I have to admit—Creative Energy knows how to throw a party. We’ve been doing it for two decades for a variety of clients in venues ranging from circus tents, Ferris wheels and piers to opulent hotels. We will be throwing another big event during the National Restaurant Show in Chicago atop a landmark hotel.
Everything we do when planning an event is about providing a comfortable environment for our client to engage with their target customers, as well as existing ones, in a relaxed environment. Emails and texts can’t compete with pressing the flesh for finding new business opportunities. That’s why our clients ask for our expertise in planning and managing the party. Here are three valuable tips on throwing an effective business event:
- Clearly define the desired outcome before you invest. Knowing the metric you will use to determine the success of the event is key. Understanding that metric will drive every other decision on budget, venue and entertainment. Remember, the purpose of the party is to spark a unique business engagement.
- Make sure your sales organization is fully vested in the outcome. Your client’s sales staff is not attending the party to just drink and back slap with their cohorts—they are there to work. Make sure they are required to provide a list of their top new business prospects and are actively involved in making sure their targets attend the event. Don’t waste your money if the sales team is not accountable for getting targets to the event and resulting new business.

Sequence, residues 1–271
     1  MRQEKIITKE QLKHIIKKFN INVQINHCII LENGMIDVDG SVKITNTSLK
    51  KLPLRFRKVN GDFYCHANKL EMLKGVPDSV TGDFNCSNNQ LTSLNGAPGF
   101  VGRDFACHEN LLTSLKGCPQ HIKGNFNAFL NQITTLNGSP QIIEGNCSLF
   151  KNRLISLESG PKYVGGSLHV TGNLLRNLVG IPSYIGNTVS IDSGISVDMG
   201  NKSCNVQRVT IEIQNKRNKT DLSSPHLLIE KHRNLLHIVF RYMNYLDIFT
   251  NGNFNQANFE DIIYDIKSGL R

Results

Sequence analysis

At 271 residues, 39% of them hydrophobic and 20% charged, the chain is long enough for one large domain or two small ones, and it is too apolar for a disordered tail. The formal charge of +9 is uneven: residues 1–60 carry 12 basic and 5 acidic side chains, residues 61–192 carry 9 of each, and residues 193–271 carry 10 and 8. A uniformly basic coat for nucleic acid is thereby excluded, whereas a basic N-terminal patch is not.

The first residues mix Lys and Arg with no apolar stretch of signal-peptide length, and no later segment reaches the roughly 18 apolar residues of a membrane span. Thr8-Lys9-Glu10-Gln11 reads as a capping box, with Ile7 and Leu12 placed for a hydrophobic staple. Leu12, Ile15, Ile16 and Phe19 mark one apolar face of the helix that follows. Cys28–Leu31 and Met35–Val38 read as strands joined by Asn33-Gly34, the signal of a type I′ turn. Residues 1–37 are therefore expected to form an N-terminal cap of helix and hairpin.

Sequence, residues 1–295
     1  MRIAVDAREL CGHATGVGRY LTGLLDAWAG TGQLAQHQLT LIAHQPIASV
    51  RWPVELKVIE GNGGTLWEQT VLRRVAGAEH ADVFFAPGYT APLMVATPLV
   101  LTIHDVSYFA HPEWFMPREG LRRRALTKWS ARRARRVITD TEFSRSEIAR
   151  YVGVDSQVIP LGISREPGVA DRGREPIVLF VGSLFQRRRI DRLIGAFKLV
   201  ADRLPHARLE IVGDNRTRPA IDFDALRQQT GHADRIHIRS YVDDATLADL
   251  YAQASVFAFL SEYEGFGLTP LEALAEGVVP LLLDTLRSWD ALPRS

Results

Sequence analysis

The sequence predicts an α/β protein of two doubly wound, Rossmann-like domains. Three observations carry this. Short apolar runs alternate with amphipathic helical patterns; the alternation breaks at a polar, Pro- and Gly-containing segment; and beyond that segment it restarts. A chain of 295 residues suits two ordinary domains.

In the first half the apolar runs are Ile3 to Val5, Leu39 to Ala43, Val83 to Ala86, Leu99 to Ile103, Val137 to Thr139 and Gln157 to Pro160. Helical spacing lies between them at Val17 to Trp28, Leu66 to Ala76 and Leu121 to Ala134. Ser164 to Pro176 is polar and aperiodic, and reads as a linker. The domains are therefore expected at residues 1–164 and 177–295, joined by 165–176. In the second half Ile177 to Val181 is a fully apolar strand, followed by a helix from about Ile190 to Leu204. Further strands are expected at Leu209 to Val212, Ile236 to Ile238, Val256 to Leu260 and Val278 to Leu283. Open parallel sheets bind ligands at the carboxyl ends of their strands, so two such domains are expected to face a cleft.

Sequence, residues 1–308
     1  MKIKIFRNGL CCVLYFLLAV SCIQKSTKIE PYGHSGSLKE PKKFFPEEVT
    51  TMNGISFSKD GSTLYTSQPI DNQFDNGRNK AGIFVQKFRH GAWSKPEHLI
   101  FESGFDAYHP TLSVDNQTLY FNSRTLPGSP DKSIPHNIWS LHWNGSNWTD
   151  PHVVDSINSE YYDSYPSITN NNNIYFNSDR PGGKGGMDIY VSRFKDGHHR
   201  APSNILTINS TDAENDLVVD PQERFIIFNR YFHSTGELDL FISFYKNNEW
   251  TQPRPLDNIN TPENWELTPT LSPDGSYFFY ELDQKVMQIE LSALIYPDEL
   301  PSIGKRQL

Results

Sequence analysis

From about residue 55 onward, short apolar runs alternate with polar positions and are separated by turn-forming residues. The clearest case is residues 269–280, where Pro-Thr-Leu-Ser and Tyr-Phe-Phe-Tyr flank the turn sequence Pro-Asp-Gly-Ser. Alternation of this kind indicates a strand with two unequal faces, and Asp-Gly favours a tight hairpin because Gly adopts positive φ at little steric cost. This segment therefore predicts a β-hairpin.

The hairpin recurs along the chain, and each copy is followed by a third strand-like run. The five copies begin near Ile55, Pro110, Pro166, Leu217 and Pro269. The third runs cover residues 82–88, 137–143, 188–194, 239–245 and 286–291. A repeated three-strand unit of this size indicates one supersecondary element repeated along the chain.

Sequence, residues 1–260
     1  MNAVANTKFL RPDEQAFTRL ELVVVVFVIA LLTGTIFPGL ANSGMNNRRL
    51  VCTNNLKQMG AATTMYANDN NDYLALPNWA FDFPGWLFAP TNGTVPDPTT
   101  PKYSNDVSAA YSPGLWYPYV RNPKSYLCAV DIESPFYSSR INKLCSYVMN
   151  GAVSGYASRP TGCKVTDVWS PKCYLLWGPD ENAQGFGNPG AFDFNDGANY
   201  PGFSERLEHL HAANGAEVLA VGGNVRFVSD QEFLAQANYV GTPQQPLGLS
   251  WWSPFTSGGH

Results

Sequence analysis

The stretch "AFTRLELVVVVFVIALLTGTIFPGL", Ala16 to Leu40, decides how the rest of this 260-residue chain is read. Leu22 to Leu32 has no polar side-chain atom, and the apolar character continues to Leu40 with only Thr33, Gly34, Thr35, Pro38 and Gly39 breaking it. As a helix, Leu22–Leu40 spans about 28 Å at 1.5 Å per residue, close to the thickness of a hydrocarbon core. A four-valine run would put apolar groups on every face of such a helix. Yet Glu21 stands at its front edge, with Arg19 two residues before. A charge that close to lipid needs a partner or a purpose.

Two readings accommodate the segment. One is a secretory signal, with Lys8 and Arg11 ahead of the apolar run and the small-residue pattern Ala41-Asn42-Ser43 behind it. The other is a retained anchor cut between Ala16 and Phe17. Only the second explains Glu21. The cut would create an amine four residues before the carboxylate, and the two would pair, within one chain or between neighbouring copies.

- Make the venue and the engagement irresistible to your invitees. The destination must be easily accessible and one that your invitees want to experience. The invitation should be irresistible, and you should follow up with numerous email reminders until they RSVP. At the event, create an entertainment factor that is unique. From a bartender shootout with your beverages, to an iron chef cook-off challenge, make sure that this signature engagement will be one the invitees tell their friends about long after the event.
Follow these steps, and the conversation after the last person leaves won’t be about how much you spent, but about when we can schedule another event that will be as successful as this one.